3-4 T. extra virgin olive oil
3 cups mixed, fresh wild mushrooms
(chanterelles, shitaki, crimini), cleaned and coarsely chopped
1 clove of garlic, minced
2 green onions, thinly sliced
1-8 oz. package low-fat cream cheese
2 T. soy sauce
2 T. non-fat sour cream
2 T. sherry
1/2 cup walnuts, toasted and finely chopped
1/4 cup chopped Italian parsley
Heat a heavy bottomed saute pan over medium for approximately 20-30 seconds. (The objective is to heat the pan enough before adding oil so the vegetables won't stick)
Add 2 tablespoons of olive oil and tip pan to coat the bottom. Quickly add garlic and green onions and saute for 1-2 minutes then remove and reserve. Add remaining oil and mushrooms, shaking pan regularly. Cook for 8-10 minutes, or until mushrooms release their juices. Remove from heat and cool. Meanwhile, place green onions, garlic and remaining ingredients except walnuts and parsley in the bowl of a food processor. Mix until smooth and creamy. Stir into the cooled mushrooms, adding the walnuts and parsley as you mix the ingredients together.
These easy toasts can be made several days ahead if stored in an airtight container. They are also wonderful to keep on hand to serve with marinated goat cheese for unexpected guests.
1 small baguette
small amount of extra virgin olive oil
Preheat oven to 375ÉF. Slice bread into 1/4 inch thickness. Lightly brush with olive oil on one side and place oiled side up on a cookie sheet. Bake for 10 minutes then turn over to lightly brown the other side. Remove and cool completely before storing. Will make enough for this picnic plus leftovers.
Eggplant Rollatini with Tomato-Mint Sauce
This can be done the day before with the exception of the final step of filling and rolling the eggplant slices. I'd leave that for completing about an hour before the picnic is packed in your cooler. If you do not have access to a grill, feel free to broil the eggplant slices. They will not impart a rich, smokey flavor as if grilled but will still taste fresh and delicious.
2 European eggplants
approx. 1/3 cup extra virgin olive oil
1/4 cup golden raisins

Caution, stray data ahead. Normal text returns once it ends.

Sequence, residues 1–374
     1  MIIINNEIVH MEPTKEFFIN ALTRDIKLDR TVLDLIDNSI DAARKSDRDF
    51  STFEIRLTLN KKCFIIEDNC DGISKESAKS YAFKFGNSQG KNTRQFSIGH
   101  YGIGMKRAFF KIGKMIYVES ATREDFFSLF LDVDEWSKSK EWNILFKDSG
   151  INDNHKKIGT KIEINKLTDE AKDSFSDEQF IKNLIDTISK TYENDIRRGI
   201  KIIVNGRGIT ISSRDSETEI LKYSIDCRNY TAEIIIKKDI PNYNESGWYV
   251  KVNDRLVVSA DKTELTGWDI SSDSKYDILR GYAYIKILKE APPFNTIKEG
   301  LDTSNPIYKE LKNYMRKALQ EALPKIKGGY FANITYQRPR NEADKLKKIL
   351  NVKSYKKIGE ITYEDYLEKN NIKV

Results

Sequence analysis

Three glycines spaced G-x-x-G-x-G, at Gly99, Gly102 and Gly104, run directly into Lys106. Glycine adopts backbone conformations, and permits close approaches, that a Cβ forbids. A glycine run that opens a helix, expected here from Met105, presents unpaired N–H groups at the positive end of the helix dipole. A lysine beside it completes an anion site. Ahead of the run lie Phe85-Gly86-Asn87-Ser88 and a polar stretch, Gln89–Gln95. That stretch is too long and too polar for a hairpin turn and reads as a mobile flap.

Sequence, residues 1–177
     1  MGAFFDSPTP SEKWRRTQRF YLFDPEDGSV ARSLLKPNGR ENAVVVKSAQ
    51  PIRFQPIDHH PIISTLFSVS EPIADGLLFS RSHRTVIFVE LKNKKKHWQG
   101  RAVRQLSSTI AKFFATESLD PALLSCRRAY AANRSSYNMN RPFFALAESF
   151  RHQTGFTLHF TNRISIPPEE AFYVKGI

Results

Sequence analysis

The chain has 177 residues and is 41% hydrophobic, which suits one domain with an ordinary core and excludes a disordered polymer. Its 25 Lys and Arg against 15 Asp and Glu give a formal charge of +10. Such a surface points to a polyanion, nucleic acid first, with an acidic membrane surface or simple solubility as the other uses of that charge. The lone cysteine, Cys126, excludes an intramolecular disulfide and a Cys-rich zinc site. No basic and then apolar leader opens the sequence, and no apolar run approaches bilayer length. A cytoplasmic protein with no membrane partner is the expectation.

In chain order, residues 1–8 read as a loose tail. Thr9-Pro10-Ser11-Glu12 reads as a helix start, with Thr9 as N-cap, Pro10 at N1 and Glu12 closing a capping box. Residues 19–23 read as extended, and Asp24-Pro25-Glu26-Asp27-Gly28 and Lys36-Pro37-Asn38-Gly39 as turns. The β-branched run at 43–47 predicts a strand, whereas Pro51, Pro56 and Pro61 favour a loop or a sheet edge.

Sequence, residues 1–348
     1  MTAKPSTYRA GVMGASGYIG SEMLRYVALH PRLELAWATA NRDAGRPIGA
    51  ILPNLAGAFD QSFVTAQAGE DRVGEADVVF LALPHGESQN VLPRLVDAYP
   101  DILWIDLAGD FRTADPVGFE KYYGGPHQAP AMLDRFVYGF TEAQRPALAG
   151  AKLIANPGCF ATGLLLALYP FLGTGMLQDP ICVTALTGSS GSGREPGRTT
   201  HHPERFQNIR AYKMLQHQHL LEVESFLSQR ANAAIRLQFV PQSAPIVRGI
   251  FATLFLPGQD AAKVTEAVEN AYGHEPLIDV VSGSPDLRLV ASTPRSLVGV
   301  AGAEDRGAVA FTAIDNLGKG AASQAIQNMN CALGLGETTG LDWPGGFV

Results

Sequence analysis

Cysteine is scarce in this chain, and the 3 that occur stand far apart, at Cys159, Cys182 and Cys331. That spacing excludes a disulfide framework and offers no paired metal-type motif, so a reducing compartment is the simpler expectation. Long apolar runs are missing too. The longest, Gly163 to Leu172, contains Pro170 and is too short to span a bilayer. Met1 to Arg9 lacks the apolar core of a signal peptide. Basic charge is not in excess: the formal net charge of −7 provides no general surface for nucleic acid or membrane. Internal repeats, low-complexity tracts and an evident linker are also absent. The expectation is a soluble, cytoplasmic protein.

2 T. Balsamic vinegar
1 1/2 pounds fresh, tender spinach leaves
1/2 t. salt
1/4 cup pitted imported dry-cured black olives, roughly chopped
1/2 cup smoked mozzarella, shredded
6 ripe plum tomatoes
1 large clove garlic, minced
1/4 cup fresh mint leaves, chopped
1/2 t. salt
3-4 T. extra virgin olive oil
Preheat your grill or broiler. Trim both ends of the eggplant. Slice lengthwise into 1/4 inch slices. You should have about sixteen slices total. Rub both sides with oil and lightly sprinkle with salt and pepper. Lay on grill, cooking for approximately 6 minutes. Turn over to finish the other side, an additional 3-4 minutes. The eggplant should be soft and pliable but not falling apart. If you are using your broiler, place eggplant on foil lined cookie sheet and set under broiler, watching carefully to prevent burning. Turn when the tops soften and begin to brown. Cook other side in the same method. Cool eggplant strips.
Meanwhile, rehydrate raisins by soaking in Balsamic vinegar and 2 T. hot water. Rinse spinach, leaving water on the leaves and place in a deep pot with 1/2 teaspoon of salt, covered over medium heat. Cook until spinach wilts, approximately 10 minutes, then drain. Heat heavy bottomed saute pan over medium heat for 20-30 seconds before adding remaining 1/3 cup oil. When oil begins to ripple, add the wilted spinach and quickly shake the pan for about 2 minutes tossing the spinach to mix. Add raisins and their liquid to saute pan and stir well to mix with the spinach.
Remove from heat, adding olives and mozzarella after mixture cools. Salt and pepper to taste. Set aside. This mixture may exude water so it is best to place in a colander overnight in the refrigerator with a bowl underneath to catch any liquid. An hour before packing, fill the eggplant by placing a small amount of spinach mixture in the center of each strip and bringing both ends of the eggplant over the stuffing, place seam side down. Place in a container, drizzle with a little of your favorite fruity olive oil and secure with a tight fitting lid.
To make sauce, chop tomatoes into 1/4 inch pieces. Add remaining ingredients and stir well to combine. This is best made overnight to allow flavors to blend.
Red Potato and Roasted Pepper Salad with Mustard-Caper Vinaigrette
8 small red creamer potatoes, quartered
1/4 small red onion, diced
3 T. capers, drained
1 red bell pepper, roasted, peeled and chopped
4 T. chopped fresh Italian parsley
2 T. chopped fresh basil leaves
2 T. coarse grained dijon mustard
1 t. sugar
1 T. champagne vinegar
2 T. lemon juice
zest of one lemon
3/4 t. salt
freshly ground black pepper to taste
1/4 cup plus 2 T.extra virgin olive oil
Place potatoes in a pan to boil. Meanwhile place red onion, capers, bell pepper and parsley into a medium size bowl. Place all remaining ingredients except olive oil and capers in the bowl of a food processor. Turn machine on to blend ingredients. While machine is running, slowly add the oil until all is incorporated. Stop machine. When potatoes are tender, drain, then place in the bowl with the onion mixture. Pour the dressing over the potatoes and toss gently until completely mixed. Refrigerate.
Figs and Sweet Mascarpone Cheese
6 fresh black mission figs
2 cups mascarpone cheese
3 T. confectioner's sugar
zest of 1/2 an orange
Place mascarpone cheese, confectioner's sugar and orange zest in the bowl of a food processor. Pulse to just combine ingredients. Refrigerate until ready to use. To serve, halve figs, placing three pieces on each plate with a dollop of sweetened mascarpone cheese. Garnish each plate with fresh mint sprig.
Rosemary Furfaro is a San Francisco-based freelance food writer and private chef.